“I didn’t expect to be fully invested the way I was,” said Davier Daniels, a mental health professional who was asked to serve as a resource during the event. “I thought I would be a spectator when the forum began, a fly on the wall, but once I sat down I was hooked and fully engaged.”
Six men took the stage in the nearby auditorium. Each man provided a unique perspective of being a Black man with mental health hardships and how they grew to navigate those stress factors.
Adjah was joined by Lamman Rucker, an actor, educator and health advocate; Dr. Oshan Gadsden, a psychologist; Taj Mahal Murdock, a motivational speaker and entrepreneur, and Jay Burnett, an author, speaker and licensed therapist.
As Burnett spoke, he immediately resonated with the audience by speaking to the feeling of perpetual danger Black men in Philadelphia often face.
“It’s hard to relax in a city where you’re always on guard,” Burnett said. “A lot of young brothers don’t get to experience safe spaces where we can share as brothers. As we get older, those opportunities dwindle.”
Daniels explained how over the course of the night, he began to open up to the men around him, but it wasn’t until the tension in the room was released.
“I’m sure there was a hesitancy to enter a space where vulnerability and intimacy were required,” he said. “There’s a level of anxiety that comes in every Black man, because we don’t usually occupy spaces like these, especially not with each other.”
For four hours, dozens of Black men were charged with leaving nothing on their chest, expressing their greatest fears, revealing insecurities and stripping themselves of the masculinity often built up as a defense mechanism. Just Heal, Bro sought to fill that void with the strength to not only deal with the darkest parts of their psyche, but to give this group of Black men the power to connect with their fellow man.
“We’re taught that we have to provide protect and produce,” said Murdock, “but we need so much more than that to survive”
In fact, Adjah provided a list of elements he says a Black man can’t live without. He called them the “Three C’s”.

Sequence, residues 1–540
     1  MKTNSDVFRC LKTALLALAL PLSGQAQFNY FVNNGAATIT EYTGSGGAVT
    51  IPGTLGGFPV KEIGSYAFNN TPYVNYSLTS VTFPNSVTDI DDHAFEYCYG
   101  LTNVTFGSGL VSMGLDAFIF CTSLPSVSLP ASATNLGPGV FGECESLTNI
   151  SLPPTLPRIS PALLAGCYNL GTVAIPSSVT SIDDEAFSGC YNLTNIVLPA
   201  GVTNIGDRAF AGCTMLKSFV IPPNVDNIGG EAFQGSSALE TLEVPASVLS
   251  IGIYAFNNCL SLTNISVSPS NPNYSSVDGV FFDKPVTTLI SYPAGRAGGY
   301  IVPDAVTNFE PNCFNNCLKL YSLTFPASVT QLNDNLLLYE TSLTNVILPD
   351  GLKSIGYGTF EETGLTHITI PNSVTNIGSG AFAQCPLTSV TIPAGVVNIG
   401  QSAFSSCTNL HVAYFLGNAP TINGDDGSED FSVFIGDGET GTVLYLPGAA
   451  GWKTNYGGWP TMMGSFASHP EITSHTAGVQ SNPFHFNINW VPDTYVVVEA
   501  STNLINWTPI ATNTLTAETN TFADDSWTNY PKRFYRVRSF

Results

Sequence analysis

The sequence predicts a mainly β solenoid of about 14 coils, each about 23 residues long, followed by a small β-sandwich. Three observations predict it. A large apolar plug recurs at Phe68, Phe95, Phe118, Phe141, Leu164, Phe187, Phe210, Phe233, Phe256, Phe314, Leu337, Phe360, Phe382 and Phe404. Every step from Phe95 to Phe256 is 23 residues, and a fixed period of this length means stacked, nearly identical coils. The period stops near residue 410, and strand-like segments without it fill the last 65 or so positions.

“We all need counsel,” he said. “That’s your like-minded friends, your peers that you bounce ideas off of. We also need covering. Those are the brothers that you respect that are further along than you, that you give license to hold you accountable. Lastly, we need care. This is where you’re poured into. This also can not be exclusive to significant other. This is where the area of mental health and wellness comes in.”
Through several group exercises that felt more like shifting glaciers than just breaking the ice, you watched Black men build community, fraternity and brotherhood simply by being shown ways to do so. The flashpoint came toward the end of the night when the safe space was coming to an end.
Gadsden mentioned that as a group, we must move from a place of inspiration to a place of intentionality. That sentiment stuck with Daniels even days later, as he searched for ways to push the events of Saturday night forward.
“We often experience these pivotal moments only for them to end, and for us to go back to the same habits we were doing before,” he said. “How do I make sure to see sustainable change?”
Daniels says that implementing change starts at home. “First with me and my wife,” he said. “How can I make sure we have a mentally healthy family? From there, how can I extend it to my parents, then my neighborhood, then my city?”
The Just Heal, Bro tour continues next month in Akron, Ohio. The organization is expected to add more tour dates and locations throughout the fall.
For more information, visit: www.justheal.co.